Review: 2012 Hyundai Veloster 6MT Style/Tech

I have rage issues. There I said it. Fortunately, I take out most of my aggression on inanimate objects (I’m great at patching drywall) and the rest gets spent at the gym. After spending a week in the Hyundai Veloster I couldn’t figure out why I was so angry about it. I really, really like the car. After reflecting on the subject for a while I realized it was not because of the car in any way. I was pissed at all of the other journalists that spent so much time complaining about how “limped” this car was by its lack of horsepower. Read on to find out why.

The Veloster has been universally pounded in the press for being underpowered. Strangely, many of those same pens are quick to reminisce about the 1980s Honda CRX Si and how wonderful it was. Here is the catch, the Veloster manages a 0-60 run (by our test) of 8.5 seconds. The Honda CRX Si managed to hit sixty in the exact same amount of time. The CRX was economical for its time with its miles per gallon coming in at 26 city/30 highway. The Veloster slightly edges the CRX at 28 city and then crushes its highway number with a 40 MPG Standard/38 MPG Automatic EPA rating. It does all of this while carrying around an extra 600-800 lbs depending on options. The extra weight? It provides useful things like airbags, ABS, and sound deadening.

So what am I missing? The Veloster is an excellently appointed, economical, and enjoyable to drive three door coupe. I am not sure who in the auto media hierarchy decided that they did not like the Veloster, but someone sent around a memo and the mainstream listened. The only thing I can figure is that Hyundai doesn’t spend enough money advertising with the rags and as a result they are one of the remaining targets for criticism. Do I sound angry? Good. Point made.

Moving on to the car then… The party pieces on the Veloster are the two forward opening doors on the passenger side while the drivers side has a single point of entry. It might be a bit of a gimmick, but it works. The large drivers door makes entry/exit easy while the second door on the passenger side makes putting things in back seat significantly easier than a forward sliding seat ever could. This isn’t to say that the backseat is a place where an adult would want to spend time (be sure to duck if someone closes the hatch), but if you have small children, the backseat is truly useful. The large hatch does provide the opportunity to put larger items into the back, but a high liftover does make it challenging for heavy items. The back end doesn’t have a ton of space, but it is similarly sized and shaped like the much loved Audi A7.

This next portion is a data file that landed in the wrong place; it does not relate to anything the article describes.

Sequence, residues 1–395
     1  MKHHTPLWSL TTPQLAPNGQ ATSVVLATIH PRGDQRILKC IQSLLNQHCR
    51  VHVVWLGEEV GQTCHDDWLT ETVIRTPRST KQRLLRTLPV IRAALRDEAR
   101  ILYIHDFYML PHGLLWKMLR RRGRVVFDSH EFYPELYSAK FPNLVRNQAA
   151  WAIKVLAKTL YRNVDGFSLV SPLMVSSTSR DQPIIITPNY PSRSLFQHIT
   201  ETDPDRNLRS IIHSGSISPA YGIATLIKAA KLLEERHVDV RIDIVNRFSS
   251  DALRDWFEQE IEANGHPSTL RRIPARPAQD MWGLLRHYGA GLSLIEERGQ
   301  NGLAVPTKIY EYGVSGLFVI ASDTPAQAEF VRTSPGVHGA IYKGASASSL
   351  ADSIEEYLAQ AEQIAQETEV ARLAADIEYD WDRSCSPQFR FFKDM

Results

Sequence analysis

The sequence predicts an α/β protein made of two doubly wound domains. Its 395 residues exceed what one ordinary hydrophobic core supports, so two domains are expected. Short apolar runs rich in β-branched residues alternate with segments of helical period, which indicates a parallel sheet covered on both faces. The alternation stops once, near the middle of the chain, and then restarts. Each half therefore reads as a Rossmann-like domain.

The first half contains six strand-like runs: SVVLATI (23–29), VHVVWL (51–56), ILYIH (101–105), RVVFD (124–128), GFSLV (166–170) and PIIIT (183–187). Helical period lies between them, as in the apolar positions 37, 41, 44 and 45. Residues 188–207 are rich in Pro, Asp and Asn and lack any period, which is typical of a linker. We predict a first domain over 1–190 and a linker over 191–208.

The seats in the Veloster are cloth and the style package adds leatherette covers to the bolsters. The style package also adds: 18″ wheels, a chrome grille, a very nice panoramic sunroof, an upgraded stereo (more on that later), leather-wrapped steering wheel and shift knob, and an auto-open drivers window. They manage to find a good mix of sport and comfort. Strangely, I found the headrests to be mounted too far forward relative to the seat back. When attempting to rest my head I felt like my melon was forced forward more than what any other car I can remember recently has done to me. Admittedly, I do have an unusually large head, so you may not find the same issue. The manual height adjustment on the seat and the telescoping steering wheel makes finding a comfortable driving position easy. The dash is sculpted and frontward visibility is easy. There is a large blind spot over the driver’s left shoulder which makes merging a lean-forward-and-look-back annoyance.

For our driving impressions please see our video review below: